Overall 76 (68%) patients experienced a significant clinical deterioration after initiating ART. A total number of 144 events were recorded with a median of 2 events (range 1–5) per patient. Paradoxical TB-IRIS, HAI, drug toxicity (most commonly efavirenz-related neuropsychiatric toxicity) and unmasking of opportunistic diseases (most commonly oesophageal candidiasis, Pneumocystis jirovecii pneumonia and Kaposi’s sarcoma) were the main reasons for deterioration (Table 3).
Table 3
Table 3
Causes of clinical deterioration.
Paradoxical TB-IRIS occurred in 42% of patients. The median duration from starting ART to the onset of TB-IRIS symptoms was 12 days (range 4–49 days). Seven patients developed potentially life-threatening IRIS, 6 due to worsening tuberculous meningitis and one due cardiac tamponade requiring urgent pericardiocentesis. The only baseline variable that was significantly associated with the development of TB-IRIS on univariate analysis was CRP>10 mg/L (Hazard ratio; 95% confidence interval: 1.7 [1.1–2.6]). Corticosteroid use at the time of ART initiation was associated with a 40% reduction in TB–IRIS incidence, however this was not statistically significant (p = 0.06).
Twenty-three patients (20.5%) developed an HAI, the commonest being urinary tract sepsis in 9 patients. Seven patients had sepsis syndrome with a bloodstream infection, 3 pneumonia, 3 Clostridium difficile diarrhoea and one patient developed chickenpox acquired following an exposure to another patient with herpes zoster. Thirteen isolates were identified in the 22 patients with bacterial sepsis, 9 of which were multi-drug resistant bacteria: 8 extended spectrum β-lactamase (ESBL)-producing enterobacteriaceae (7 from urine culture and 1 blood culture) and 1 methicillin-resistant Staphylococcus aureus (sputum culture).
Mortality
Twelve patients died during the 12-week follow-up period resulting in cumulative mortality of 10.6% (Figure 2). Neurological tuberculosis, weight <50 kg, corticosteroid use at time of ART initiation, being bed-bound, or CD4 cell count <50 cells/mm3 were not significantly associated with mortality. The cause of death was ascribed to sepsis in 11 patients and pulmonary embolism in one. None of the deaths were thought to be directly caused by paradoxical TB-IRIS.
Figure 2
Figure 2
Kaplan-Meier curve showing survival of 112 patients with HIV-TB, from the start of antiretroviral therapy.
Our study demonstrated that over two-thirds of hospitalised HIV-TB patients develop complications resulting in clinical deterioration after starting ART as inpatients. Over 40% experienced paradoxical TB-IRIS, with HAIs, drug toxicities, and opportunistic diseases being other frequent causes of deterioration. A novel finding is that HAIs were common (occurred in 20.5%), and 11 of the 12 deaths were attributed to sepsis. Reassuringly, despite the high incidence of clinical deterioration, 89% of participants were alive three months after ART initiation. Adequate clinical care and diagnostic and therapeutic resources are required to manage this HIV- as well as tuberculosis-associated morbidity.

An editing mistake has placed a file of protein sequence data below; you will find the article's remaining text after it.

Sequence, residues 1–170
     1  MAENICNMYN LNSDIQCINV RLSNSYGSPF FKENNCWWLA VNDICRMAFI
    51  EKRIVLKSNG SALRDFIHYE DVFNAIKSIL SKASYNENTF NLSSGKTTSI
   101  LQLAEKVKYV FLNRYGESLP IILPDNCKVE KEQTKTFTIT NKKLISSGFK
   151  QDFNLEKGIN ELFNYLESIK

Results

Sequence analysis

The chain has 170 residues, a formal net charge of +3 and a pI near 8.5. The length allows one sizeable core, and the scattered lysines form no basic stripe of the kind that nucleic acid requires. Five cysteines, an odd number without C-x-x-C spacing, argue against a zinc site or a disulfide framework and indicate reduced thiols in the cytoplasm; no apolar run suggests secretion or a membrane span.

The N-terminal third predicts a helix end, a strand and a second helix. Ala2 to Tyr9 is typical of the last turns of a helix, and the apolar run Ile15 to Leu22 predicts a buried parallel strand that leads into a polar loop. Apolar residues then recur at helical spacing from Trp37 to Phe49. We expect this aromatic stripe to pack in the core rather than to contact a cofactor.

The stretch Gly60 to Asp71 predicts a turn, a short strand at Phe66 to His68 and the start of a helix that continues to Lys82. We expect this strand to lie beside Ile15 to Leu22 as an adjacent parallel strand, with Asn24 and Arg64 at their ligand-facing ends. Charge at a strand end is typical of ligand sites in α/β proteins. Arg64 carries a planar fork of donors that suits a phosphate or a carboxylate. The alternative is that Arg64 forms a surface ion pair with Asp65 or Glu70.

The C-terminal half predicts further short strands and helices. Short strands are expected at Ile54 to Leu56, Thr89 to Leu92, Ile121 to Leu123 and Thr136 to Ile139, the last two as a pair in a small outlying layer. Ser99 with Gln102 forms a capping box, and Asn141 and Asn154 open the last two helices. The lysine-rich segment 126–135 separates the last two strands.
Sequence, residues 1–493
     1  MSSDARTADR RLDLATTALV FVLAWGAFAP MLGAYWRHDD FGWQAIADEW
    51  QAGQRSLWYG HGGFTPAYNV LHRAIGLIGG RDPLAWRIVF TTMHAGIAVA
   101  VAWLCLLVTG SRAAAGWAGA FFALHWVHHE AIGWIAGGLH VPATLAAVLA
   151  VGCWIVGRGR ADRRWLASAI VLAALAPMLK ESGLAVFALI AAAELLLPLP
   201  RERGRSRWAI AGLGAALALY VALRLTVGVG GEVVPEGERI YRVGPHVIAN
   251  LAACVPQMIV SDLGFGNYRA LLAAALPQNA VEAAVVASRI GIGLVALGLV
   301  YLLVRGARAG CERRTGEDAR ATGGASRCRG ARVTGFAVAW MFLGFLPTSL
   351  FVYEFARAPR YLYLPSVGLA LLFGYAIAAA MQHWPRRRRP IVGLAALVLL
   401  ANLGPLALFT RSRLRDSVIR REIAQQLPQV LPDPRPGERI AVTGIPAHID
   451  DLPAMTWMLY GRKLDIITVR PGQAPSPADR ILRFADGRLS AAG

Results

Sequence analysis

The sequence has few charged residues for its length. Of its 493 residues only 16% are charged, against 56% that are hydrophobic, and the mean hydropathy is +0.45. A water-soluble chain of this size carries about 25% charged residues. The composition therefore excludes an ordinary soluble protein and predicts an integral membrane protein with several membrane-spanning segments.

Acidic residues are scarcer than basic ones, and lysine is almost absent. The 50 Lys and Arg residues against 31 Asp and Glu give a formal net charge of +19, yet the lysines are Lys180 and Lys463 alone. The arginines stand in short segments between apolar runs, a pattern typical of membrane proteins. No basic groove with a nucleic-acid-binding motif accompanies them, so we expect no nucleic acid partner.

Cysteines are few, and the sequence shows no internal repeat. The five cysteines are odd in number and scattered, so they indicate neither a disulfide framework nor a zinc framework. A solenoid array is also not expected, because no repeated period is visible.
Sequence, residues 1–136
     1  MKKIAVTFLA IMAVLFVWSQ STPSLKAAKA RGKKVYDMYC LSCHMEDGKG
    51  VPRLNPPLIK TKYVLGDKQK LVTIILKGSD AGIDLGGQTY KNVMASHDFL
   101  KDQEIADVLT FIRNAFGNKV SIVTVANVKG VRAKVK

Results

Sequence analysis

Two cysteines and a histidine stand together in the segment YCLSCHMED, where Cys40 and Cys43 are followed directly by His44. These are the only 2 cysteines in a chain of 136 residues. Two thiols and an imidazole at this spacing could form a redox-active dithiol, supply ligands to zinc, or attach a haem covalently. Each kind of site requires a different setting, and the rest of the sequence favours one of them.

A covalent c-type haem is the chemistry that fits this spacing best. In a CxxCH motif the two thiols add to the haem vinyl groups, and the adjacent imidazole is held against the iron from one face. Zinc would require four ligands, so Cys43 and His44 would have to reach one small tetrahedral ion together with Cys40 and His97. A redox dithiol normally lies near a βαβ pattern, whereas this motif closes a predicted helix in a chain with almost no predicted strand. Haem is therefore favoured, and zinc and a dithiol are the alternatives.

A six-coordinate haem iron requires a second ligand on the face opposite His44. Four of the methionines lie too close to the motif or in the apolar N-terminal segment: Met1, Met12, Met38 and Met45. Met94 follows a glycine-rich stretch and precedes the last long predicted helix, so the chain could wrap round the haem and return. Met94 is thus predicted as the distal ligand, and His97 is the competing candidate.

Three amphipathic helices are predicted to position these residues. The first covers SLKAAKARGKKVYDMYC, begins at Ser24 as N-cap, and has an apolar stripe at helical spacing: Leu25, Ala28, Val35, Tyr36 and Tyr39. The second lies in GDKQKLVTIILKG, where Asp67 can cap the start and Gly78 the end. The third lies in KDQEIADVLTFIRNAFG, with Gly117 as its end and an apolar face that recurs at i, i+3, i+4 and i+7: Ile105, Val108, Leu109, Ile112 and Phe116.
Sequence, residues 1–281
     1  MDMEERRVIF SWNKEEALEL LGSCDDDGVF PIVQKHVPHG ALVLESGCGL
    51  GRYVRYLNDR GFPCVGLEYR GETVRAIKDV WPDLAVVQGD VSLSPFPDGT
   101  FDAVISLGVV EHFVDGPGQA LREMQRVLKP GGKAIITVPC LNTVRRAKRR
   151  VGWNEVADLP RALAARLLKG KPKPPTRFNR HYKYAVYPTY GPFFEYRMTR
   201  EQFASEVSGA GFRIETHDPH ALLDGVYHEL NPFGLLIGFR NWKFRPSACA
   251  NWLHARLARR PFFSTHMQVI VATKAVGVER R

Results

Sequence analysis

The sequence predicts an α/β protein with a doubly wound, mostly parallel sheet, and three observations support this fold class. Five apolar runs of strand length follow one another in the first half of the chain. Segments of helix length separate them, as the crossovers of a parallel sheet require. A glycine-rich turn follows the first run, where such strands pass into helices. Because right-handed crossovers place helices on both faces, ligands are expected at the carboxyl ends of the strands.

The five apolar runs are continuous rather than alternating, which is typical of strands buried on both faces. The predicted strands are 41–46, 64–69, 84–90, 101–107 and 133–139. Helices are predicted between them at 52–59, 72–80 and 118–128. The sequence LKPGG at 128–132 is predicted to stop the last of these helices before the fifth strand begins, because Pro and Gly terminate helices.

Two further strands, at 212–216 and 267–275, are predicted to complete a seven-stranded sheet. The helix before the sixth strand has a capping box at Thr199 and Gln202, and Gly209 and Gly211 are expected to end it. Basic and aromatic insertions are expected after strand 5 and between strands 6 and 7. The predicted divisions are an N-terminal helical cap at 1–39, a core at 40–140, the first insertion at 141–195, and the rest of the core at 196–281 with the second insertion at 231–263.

HIV infection, especially with a low CD4 count, is a risk factor for clinical deterioration and death on TB treatment. [9] A previous study conducted in Cape Town of 292 ambulatory TB patients, 209 of whom were HIV-infected, demonstrated that 40% deteriorated while on TB therapy, 26% required hospitalization, and 15% died during the 6 month follow-up period. [9] Training health care workers on the causes, recognition and management of deterioration in HIV-TB patients, in addition to training on ART management, is required to optimize the outcome of HIV-TB patients.
The high incidence of paradoxical TB-IRIS in our study (42%) corresponds with the higher estimates reported from previous cohort studies (8–43%) [14]. Our patients had many of the risk factors for developing TB-IRIS; low CD4 counts, disseminated tuberculosis and relatively short time interval between starting tuberculosis therapy and ART. Our findings add to the evidence that paradoxical TB-IRIS is an uncommon cause of mortality [15], even in very ill HIV-TB patients starting ART in hospital. One caveat is that 7 of 47 IRIS cases developed potentially life-threatening manifestations and these were promptly ascertained and managed by specialists with early corticosteroid introduction or dose escalation. The association of a raised CRP prior to starting ART with paradoxical TB-IRIS has been previously described. [16] Being on corticosteroids at the time of initiating ART showed a trend towards reduced risk for TB-IRIS, although this was not statistically significant in this small study. Larger prospective studies would be necessary to evaluate this properly.
The large number of HAIs we diagnosed, and the associated mortality is alarming. Our findings suggest that once patients with advanced HIV and TB are established on appropriate TB treatment, ART and cotrimoxazole, then bacterial infections emerge as the most important cause of death. We suspect that colonization with multi-drug resistant bacteria occurred in the referring general hospital, as antibiotic selection pressure in TB hospitals is likely to be low. High rates of urinary catheterization during the acute admission at the referring hospital, is a likely contributing risk factor to the urinary tract infections. Depressed monocyte responses may be one of the reasons why HIV-infected patients with advanced immunosuppression are at high risk of bacterial infections. [17] Our study and a previous study from a hospitalized cohort in Cape Town [8], confirm that drug-resistant bacteria which require the use of carbapenems and other costly antibiotics are causing HAI. These antibiotics are generally unavailable at district or secondary level hospitals in developing countries and there is therefore often a delay in treating these infections appropriately resulting in high mortality. Furthermore, because the risk of multi-drug resistance is high in HAIs, it is essential to culture clinical specimens prior to commencement of antibiotics. Our findings emphasize not only the need for appropriate antibiotics to be available, but for basic infection prevention control practices, most importantly effective hand disinfection, to be re-inforced and practiced to prevent secondary spread of infection. Reducing the number of days that patients have urinary catheters in situ, and wherever possible avoiding the need for indwelling intravenous catheters are also important interventions. Every attempt is made to limit duration of hospital stay. However, severity of illness and extremely poor social circumstances often preclude early discharge.